Avoiding Bladder Infections By Using A Bidet

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bladderinfectionbidetBladder infections can feel like a literal slice of hell.   Often referred to as cystitis or urinary tract infection (UTI), they can affect both men and women, if they don’t observe proper hygiene in their private regions.

E-Coli is a form of bacteria that lives in the feces.  When they remain in your skin and you engage in sex, they can easily be driven up to the urinary tube (even spreading to the bladder and kidneys), causing a painful infection.

An Ounce Of Prevention

Removing E-Coli from your person is one of the biggest reasons to start using a bidet, in place of regular toilet paper.  When you wipe with a toilet paper, remnants of the dirt can easily remain in your posterior, which allows the bacteria to thrive.  Additionally, toilet paper can easily damage, allowing some of the fecal matter to spread, potentially making its way into your hands and fingers.

Washing your soiled ass with a bidet, on the other hand, is guaranteed to remove all feces in the area.   The strong gush of warm water from the nozzle should effectively dispose of all dirt and bacteria that attach to skin and hair in your bottom, effectively cleaning you up.

Many doctors recommend a thorough shower before and after sex, to ensure cleanliness in your private areas.  A bidet should easily facilitate that, without having to go all-in to have a full bath.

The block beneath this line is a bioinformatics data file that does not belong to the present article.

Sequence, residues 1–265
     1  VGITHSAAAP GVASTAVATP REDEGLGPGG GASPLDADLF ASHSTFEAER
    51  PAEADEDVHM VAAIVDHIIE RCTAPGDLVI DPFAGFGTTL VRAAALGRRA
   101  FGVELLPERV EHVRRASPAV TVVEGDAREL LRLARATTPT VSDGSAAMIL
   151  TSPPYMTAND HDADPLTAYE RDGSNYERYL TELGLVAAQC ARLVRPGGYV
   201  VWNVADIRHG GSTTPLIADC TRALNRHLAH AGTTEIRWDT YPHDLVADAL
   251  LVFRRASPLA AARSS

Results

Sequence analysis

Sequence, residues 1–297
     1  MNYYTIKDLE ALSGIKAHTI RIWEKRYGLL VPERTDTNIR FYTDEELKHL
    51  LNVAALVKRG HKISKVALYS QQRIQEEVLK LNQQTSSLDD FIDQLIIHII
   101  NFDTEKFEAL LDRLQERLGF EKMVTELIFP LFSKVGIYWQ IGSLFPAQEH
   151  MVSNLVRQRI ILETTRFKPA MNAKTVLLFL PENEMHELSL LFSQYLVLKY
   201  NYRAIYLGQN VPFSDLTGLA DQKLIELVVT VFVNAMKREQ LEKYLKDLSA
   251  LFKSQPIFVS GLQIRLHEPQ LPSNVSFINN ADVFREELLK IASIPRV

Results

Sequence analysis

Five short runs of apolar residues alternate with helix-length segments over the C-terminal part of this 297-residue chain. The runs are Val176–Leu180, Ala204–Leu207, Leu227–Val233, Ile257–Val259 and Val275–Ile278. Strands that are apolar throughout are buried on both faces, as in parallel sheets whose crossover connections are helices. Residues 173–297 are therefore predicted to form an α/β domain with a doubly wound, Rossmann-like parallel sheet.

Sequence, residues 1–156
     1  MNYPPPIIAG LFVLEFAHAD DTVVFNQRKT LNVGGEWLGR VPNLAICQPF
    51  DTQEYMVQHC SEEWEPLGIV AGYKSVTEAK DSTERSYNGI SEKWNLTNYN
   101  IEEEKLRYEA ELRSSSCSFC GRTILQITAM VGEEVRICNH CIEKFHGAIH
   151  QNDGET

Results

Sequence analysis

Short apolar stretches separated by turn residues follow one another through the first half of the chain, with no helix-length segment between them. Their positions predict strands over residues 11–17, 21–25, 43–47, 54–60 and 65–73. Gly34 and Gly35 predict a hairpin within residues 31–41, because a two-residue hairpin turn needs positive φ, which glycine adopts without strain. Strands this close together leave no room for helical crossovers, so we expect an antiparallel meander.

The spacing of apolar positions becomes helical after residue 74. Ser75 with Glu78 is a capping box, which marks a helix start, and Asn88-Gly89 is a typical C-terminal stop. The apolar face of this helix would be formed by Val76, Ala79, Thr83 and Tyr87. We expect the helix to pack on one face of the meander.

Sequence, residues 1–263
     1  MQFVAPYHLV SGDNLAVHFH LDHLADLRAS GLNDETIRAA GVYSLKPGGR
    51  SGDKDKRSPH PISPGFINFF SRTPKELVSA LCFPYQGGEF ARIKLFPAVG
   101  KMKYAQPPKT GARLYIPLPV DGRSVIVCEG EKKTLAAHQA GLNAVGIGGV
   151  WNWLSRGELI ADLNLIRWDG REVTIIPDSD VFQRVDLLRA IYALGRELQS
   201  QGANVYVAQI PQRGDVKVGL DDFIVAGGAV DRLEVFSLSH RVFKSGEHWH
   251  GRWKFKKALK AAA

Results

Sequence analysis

One Comment on "Avoiding Bladder Infections By Using A Bidet"

  1. Yvette Zirkind on Sun, 10th Feb 2013 10:42 am 

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    Some people are more likely than others to get bladder infections. Women tend to get them more often than men due to their urethra being shorter and closer to the anus. Among the women most likely to get bladder infections are women who are pregnant, going through menopause and using a diaphragm for birth control. Men who have prostate inflammation or enlargement will also be more likely to have bladder infections. Risk factors that apply to both men and women are; kidney stones, sexual intercourse with multiple partners, narrowed urethra, immobility such as recovering from hip fracture, not drinking enough fluids, bowel incontinence and catheterization. Elderly people and people with diabetes are also at higher risk of bladder infections.’

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